By Danny O’Neil
The math behind Greg Scruggs’ opportunity couldn’t be any simpler.
Take away two starters, the Seahawks releasing defensive ends Red Bryant and Chris Clemons this offseason. Return one mainstay, Michael Bennett re-signing with the team for four years.
It all adds up to what is the single biggest opportunity for any player currently on the Seahawks’ roster.
DE Greg Scruggs
Experience: Entering third season
Pedigree: A seventh-round pick in 2012, Scruggs’ role was tough to pin-point at first. He wasn’t fast enough to project as an outside pass rusher in Seattle. A few Happy Meals short of 300 pounds, Scruggs wasn’t as big as Bryant to play at the five-technique defensive-end spot.
But over the course of his rookie season in 2012, Scruggs showed both strength at the point of attack and also a little wiggle as an interior pass rusher. His playing time increased over the second half of the season, and there was some thought last year that Scruggs might be able to compete for a starting spot. At least there was until he suffered a season-ending knee injury during offseason workouts.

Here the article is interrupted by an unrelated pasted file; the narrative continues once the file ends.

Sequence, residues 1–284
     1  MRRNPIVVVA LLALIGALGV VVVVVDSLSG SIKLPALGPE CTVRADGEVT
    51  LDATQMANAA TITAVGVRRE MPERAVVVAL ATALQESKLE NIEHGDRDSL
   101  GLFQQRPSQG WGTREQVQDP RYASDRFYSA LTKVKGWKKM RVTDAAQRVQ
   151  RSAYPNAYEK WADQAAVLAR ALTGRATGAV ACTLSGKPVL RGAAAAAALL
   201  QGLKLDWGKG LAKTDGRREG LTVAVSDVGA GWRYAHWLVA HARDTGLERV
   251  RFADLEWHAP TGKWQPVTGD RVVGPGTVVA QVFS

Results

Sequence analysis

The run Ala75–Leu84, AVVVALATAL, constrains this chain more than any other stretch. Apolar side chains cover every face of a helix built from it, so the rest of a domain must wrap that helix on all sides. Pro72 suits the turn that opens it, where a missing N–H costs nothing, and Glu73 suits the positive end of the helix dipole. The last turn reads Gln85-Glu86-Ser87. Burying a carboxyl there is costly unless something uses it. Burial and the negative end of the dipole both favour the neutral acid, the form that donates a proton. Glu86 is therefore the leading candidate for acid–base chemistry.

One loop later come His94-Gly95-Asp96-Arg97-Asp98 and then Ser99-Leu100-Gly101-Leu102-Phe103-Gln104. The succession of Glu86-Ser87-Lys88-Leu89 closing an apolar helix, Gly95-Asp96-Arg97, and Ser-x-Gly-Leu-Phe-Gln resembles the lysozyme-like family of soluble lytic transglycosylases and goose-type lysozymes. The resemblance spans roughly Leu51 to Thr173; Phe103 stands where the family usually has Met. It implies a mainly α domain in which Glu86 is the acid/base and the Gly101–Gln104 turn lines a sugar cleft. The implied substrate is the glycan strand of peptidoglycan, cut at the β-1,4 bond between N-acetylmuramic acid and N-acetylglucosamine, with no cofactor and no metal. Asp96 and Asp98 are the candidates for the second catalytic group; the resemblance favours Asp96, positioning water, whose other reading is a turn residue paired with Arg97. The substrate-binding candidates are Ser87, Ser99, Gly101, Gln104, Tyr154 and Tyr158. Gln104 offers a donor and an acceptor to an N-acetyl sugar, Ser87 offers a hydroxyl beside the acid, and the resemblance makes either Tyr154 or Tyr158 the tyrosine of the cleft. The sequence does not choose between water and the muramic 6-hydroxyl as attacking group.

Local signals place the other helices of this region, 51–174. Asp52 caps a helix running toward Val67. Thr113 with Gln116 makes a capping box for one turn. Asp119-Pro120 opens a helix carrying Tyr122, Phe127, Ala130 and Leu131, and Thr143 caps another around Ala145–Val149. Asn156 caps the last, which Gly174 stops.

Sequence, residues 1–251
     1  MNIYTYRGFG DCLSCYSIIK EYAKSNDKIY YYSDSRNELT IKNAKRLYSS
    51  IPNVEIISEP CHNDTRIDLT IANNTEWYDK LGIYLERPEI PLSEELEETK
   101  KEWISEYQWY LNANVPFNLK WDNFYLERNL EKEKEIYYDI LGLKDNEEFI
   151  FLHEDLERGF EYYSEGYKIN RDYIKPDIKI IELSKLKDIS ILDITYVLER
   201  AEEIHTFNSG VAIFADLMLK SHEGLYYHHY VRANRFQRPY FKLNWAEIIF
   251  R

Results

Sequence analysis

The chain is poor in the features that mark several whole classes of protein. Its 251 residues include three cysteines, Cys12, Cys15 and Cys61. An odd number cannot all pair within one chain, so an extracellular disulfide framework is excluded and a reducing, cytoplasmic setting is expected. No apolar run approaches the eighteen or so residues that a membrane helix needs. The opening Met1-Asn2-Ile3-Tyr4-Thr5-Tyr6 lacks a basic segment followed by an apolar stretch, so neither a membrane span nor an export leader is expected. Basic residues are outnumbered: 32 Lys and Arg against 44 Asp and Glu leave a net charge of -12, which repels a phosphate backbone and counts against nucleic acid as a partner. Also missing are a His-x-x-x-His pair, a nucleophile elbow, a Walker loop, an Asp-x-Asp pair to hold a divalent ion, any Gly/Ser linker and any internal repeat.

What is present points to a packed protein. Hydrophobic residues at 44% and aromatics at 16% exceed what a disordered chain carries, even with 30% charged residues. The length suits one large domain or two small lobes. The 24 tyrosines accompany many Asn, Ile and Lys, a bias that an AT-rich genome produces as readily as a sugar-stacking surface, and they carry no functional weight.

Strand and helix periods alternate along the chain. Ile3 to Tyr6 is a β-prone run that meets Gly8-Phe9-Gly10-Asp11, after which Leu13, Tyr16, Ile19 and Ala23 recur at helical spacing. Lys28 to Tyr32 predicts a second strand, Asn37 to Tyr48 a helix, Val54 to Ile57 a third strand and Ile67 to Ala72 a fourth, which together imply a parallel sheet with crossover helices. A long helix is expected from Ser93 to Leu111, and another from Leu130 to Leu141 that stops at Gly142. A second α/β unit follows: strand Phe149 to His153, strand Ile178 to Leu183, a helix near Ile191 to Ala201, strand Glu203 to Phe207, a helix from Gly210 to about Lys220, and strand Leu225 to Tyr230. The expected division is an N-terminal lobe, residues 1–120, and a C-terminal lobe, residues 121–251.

Scruggs began the season on the physically unable to perform (PUP) list, and while he was eligible to resume practicing with the team, he was never activated. Now, after the equivalent of a medical redshirt season, Scruggs will try to jump back into the rotation at defensive line.
Danny O’Neil’s look at the other Seahawks with the most to gain:
|• LB Bruce Irvin||• CB Byron Maxwell||• RB Christine Michael||• WR Jermaine Kearse|
Predicament: Seattle’s defensive line was the beneficiary of the most significant upgrades a year ago with the additions of Bennett and Cliff Avril. This year, it’s the subject of the most turnover not only with the releases of Clemons and Bryant, but the free-agent departure of Clinton McDonald.
But while Jordan Hill figures to get first look at defensive tackle and Avril is the likely to replace Clemons, the other end spot is a huge question. Emphasis on the word huge. Not only was Bryant Seattle’s biggest defensive player, but he was also a captain. Scruggs isn’t the only candidate to step into that role. Jesse Williams might be if his balky knee hold up, but after spending his entire rookie season on injured reserve, there’s no guarantee.
The possibilities: Scruggs is bigger than he was two years ago when he was drafted, his weight up over 310 pounds at last report. Not only that, but the template for Seattle’s defense may be changing just a bit as the Seahawks have emphasized their pass rush more over the past few seasons. As imposing as Bryant was, he was never going to be mistaken for a pass-rush threat.
If Scruggs can hold the edge, he would bring more of a pass-rush threat without giving up too much against the run game.